News & Insight

CLIENT ALERT: U.S. Department of Justice Issues Long-Awaited Final Rule on Accessibility of Web Content and Mobile Apps Provided by Public Entities

On April 8, 2024, the U.S. Department of Justice (“DOJ”) issued the Final Rule on the Accessibility of Web Information and Services of State and Local Government Entities. The Final Rule implements new requirements under Title II of the Americans with Disabilities Act (“ADA”) for State and local government entities to provide services, programs, and activities through ADA accessible website content and mobile applications.

The Final Rule builds on previous guidance issued by the DOJ in March 2022, which stopped short, however, of establishing specific technical standards for web accessibility for people with disabilities under the ADA. Now, for the first time, the Final Rule requires the adoption by public entities of the widely accepted industry standard for text, sounds, images, controls and animations that appear in digital content, known as Web Content Accessibility Guidelines version 2.1, Level AA (“WCAG 2.1”).

WCAG 2.1, for example, adds invisible attributes known as alt text or alt tags to images, which help to orient an individual using a screen reader, and allow them to gain access to public information on a government website or mobile app. Among other features, WCAG 2.1 also requires that text be formatted so that it is easier to read when magnified, or that page orientation (i.e., portrait or landscape) not be restricted to just one orientation when displayed on a website or mobile app. Such accessibility features are significant, for instance, for people with disabilities that affect vision or for people who use wheelchairs with a tablet attached to it so that it is unable to be rotated.

At least ten states—Alaska, Delaware, Georgia, Louisiana, Massachusetts, Oregon, Pennsylvania, South Dakota, Utah, and Washington—have already adopted WCAG 2.1 for their official websites. The DOJ also estimates that 109,893 State and local government websites and 8,805 State and local government mobile apps will be affected by the implementation of the Final Rule.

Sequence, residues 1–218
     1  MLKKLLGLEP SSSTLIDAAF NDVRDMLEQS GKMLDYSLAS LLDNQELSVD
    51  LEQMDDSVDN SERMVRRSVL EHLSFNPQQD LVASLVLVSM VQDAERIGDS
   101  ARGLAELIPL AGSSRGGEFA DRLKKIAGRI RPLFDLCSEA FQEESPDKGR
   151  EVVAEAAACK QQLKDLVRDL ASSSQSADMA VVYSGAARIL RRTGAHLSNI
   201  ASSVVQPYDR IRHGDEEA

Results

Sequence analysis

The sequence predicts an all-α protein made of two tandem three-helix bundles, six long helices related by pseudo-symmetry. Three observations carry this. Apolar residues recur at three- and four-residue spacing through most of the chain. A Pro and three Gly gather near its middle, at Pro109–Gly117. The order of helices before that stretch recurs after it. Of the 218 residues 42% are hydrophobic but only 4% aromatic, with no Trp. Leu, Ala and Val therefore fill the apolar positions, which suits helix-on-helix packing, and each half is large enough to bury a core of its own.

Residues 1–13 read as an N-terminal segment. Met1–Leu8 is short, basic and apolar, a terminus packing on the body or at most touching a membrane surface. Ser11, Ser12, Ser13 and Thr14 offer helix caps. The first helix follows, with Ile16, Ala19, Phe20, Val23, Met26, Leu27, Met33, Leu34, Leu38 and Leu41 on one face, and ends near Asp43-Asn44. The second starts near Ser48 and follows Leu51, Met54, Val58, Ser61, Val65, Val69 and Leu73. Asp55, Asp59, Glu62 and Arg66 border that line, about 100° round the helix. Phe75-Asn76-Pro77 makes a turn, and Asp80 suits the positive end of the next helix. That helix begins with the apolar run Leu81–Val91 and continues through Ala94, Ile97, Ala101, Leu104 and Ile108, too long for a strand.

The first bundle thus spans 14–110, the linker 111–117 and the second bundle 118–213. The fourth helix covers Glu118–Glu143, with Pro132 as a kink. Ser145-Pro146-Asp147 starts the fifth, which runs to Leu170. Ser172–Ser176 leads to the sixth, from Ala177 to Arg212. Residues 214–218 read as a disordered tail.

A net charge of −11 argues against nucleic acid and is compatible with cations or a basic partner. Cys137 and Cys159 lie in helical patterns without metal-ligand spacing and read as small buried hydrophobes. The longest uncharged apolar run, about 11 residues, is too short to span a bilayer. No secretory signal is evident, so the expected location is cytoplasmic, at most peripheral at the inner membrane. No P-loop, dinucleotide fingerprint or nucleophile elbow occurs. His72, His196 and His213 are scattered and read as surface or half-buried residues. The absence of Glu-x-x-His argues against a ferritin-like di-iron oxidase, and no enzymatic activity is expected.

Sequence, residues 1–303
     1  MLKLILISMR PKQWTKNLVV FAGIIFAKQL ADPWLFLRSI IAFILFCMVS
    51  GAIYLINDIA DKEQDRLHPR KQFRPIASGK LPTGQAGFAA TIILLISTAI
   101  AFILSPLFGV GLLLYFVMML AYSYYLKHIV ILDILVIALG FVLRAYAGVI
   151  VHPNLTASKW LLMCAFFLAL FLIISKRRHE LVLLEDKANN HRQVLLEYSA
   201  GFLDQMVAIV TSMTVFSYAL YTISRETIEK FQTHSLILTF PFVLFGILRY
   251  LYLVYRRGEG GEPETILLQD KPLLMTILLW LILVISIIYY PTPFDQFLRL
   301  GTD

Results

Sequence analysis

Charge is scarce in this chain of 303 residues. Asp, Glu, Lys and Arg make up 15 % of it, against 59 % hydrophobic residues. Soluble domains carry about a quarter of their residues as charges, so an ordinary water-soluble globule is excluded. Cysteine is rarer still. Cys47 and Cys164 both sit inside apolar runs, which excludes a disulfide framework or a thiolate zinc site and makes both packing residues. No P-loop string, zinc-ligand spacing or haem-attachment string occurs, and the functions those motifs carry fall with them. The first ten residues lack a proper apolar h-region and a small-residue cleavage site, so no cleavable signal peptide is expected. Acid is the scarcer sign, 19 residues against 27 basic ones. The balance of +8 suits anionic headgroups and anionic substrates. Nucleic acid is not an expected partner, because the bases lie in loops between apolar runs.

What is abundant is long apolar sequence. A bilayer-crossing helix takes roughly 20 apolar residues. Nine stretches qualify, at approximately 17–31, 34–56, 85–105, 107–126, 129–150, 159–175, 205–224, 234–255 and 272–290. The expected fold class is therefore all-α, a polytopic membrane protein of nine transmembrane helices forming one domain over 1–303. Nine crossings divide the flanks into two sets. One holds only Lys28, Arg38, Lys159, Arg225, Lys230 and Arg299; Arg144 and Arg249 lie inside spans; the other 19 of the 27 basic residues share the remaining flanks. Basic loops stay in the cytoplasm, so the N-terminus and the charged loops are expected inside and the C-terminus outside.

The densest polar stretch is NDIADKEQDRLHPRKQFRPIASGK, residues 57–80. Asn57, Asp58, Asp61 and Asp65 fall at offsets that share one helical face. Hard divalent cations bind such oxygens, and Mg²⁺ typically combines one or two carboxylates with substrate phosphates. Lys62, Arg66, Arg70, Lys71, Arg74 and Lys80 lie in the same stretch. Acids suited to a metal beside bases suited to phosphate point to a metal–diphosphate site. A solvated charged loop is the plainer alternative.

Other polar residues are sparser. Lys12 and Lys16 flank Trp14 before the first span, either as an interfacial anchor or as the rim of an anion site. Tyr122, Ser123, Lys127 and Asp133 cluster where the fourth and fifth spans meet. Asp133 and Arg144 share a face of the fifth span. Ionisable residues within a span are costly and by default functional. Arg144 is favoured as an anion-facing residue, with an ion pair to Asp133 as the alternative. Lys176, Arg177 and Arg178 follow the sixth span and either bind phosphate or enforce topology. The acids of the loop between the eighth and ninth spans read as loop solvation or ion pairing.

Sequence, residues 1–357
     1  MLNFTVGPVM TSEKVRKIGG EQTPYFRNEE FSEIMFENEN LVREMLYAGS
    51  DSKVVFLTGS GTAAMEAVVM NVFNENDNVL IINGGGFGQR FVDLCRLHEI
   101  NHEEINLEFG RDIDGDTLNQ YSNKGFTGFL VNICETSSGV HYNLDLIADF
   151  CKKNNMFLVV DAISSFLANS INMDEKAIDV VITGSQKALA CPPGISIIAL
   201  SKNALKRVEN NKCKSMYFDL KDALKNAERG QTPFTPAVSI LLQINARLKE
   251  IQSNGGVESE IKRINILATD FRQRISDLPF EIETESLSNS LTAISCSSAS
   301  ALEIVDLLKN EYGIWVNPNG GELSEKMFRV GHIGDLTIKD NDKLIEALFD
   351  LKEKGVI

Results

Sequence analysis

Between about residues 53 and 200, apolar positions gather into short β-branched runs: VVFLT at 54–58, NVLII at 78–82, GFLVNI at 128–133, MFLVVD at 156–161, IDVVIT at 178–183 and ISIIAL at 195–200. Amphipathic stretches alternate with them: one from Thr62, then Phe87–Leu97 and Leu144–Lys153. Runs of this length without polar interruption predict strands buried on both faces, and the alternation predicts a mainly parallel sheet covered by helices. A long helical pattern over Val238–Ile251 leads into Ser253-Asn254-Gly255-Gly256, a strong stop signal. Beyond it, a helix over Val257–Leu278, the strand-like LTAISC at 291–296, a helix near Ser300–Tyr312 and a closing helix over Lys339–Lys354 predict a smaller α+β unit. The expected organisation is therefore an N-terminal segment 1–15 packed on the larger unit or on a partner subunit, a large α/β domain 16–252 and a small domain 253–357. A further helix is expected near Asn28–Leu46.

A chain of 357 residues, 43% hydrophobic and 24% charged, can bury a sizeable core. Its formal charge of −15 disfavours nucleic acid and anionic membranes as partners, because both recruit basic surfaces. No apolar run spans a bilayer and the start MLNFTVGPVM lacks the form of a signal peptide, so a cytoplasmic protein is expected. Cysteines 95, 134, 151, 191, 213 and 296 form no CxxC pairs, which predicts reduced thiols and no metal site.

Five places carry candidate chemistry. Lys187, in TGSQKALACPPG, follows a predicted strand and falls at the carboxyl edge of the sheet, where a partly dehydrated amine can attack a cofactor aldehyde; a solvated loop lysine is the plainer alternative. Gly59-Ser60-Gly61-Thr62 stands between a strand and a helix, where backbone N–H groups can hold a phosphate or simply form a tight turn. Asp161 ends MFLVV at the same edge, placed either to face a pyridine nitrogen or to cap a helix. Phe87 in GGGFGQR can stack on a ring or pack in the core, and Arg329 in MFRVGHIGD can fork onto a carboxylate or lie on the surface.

The Final Rule permits a number of limited exceptions for certain types of inaccessible content. These exceptions include: (1) archived web content; (2) preexisting conventional electronic documents, unless those documents are currently used to apply for, gain access to, or participate in the public entity’s services, programs, or activities; (3) content posted by a third party where the third party is not posting due to contractual, licensing, or other arrangements with a public entity; (4) electronic documents that are about a specific individual, their property, or their account and that are password-protected or otherwise secured; and (5) preexisting social media posts.

Public entities can also be excepted from the requirements of the Final Rule if the entity can demonstrate that compliance with WCAG 2.1 would result in a fundamental alteration or would impose an undue financial and administrative burden, which are very high standards, or that the entity’s use of other designs, methods, or techniques as alternatives to WCAG 2.1 provide equivalent or greater accessibility to web or mobile app content. Additionally, a public entity can be deemed to have satisfied its obligations under the Final Rule if, in the limited circumstance, the public entity can demonstrate that its noncompliance has a minimal impact on accessibility to governmental services, programs, and activities.

Another notable provision of the Final Rule is that it also applies to digital content created by private businesses for use by public entities. As detailed in an accompanying fact sheet released by the DOJ, if a city allows people to pay for public parking using a mobile app, for example, that mobile app must adhere to WCAG 2.1, even if the app is developed and maintained by a private business. The Final Rule gives public entities serving a population of 50,000 or more two years to comply with its requirements. Public entities serving a population less than 50,000 have three years to comply with the Final Rule.

HMBR is available to provide specific advice on this regulatory development. Should you have any questions or concerns about possible implications for your entity, please feel free to contact us at 312-946-1800.


  Apr 18, 2024  |  By    |   On Client Alerts